Gene pool research for ponies of Ayvacık .hurriyet2008-detailbox-newslink { font-family: Arial, Helvetica, sans-serif; font-size:13px; font-weight:bold; text-decoration:none; color:#000000;} .hurriyet2008-detailbox-newslink:hover { font-family: Arial, Helvetica, sans-serif; font-size:13px; font-weight:bold; text-decoration:underline; color:#990000;} ISTANBUL - Turks have begun to appreciate the value of the ponies that inhabit the north Aegean area of Ayvacık, but only after locals in Greece started expressing an interest in buying them first.

This interest has even triggered scientific research of this species in Turkey.

The Scientific and Technological Research Council of Turkey, or TÜBİTAK, has started a gene pool research of Ayvacık ponies for their protection and to prevent them from being transported out of the country, after officials of neighboring Greek island asked to buy the animals. According to a report by the Anatolian News Agency, Stephanos Apostolou, mayor of Mandamados on the Greek island of Lesbos visited Ayvacık back in 2007, within the framework of a festival, and told Ünal Şahin, mayor of Ayvacık, that he would like to buy some Ayvacık ponies to take back to the Greece with him.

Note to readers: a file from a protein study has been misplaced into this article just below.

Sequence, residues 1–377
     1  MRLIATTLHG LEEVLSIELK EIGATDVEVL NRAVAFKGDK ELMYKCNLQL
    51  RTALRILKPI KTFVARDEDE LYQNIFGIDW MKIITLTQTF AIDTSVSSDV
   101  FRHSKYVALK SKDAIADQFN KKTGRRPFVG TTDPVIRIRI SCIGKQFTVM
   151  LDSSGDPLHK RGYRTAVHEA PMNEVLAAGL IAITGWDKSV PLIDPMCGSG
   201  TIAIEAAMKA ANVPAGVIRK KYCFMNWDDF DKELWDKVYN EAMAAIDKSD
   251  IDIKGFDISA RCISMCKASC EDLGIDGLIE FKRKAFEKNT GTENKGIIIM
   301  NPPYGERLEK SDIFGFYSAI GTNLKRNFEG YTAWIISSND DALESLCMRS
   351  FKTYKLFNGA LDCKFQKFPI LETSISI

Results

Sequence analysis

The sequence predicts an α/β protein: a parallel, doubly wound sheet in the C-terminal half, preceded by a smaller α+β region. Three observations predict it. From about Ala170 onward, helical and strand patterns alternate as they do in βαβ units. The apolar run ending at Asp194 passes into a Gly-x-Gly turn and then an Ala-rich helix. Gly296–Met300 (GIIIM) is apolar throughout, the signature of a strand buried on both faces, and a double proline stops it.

As this request came among other complaints from locals of people from Greece seeking ponies, research into the horses by a team at TÜBİTAK’s center in the Marmara region, in cooperation with the Ministry of Agriculture and Rural Affairs, has begun into the preservation of the horses.

Mayor Şahin told the Anatolian News Agency that as the ponies of Lesbos Island had lost their characteristics and had grown in size, Apostolou wanted to buy the smaller horses of Ayvacık. Şahin said they did not look fondly on the request and started work on preserving the species. "Apparently everyone has a cart with these horses. It seems it’s the fashion among the rich residents of Lesbos, "said Şahin, adding: "They wanted our horses to use for tourism purposes. That is why we did not want to give them" said the mayor.

Şahin also said that although the climate conditions and natural elements of Ayvacık and Lesbos were practically the same due to the only 5.5 miles distance between them, these kinds of horses were not indigenous to Lesbos.

Şahin told the Anatolian News Agency that the Ayvacık ponies had been living in the area for a very long time and were used by the villagers for purposes of agriculture and transportation.